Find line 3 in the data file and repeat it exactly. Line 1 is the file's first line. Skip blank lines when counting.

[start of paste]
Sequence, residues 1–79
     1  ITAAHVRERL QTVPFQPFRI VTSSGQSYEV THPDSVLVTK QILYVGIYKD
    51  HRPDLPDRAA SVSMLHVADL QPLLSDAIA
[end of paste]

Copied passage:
    51  HRPDLPDRAA SVSMLHVADL QPLLSDAIA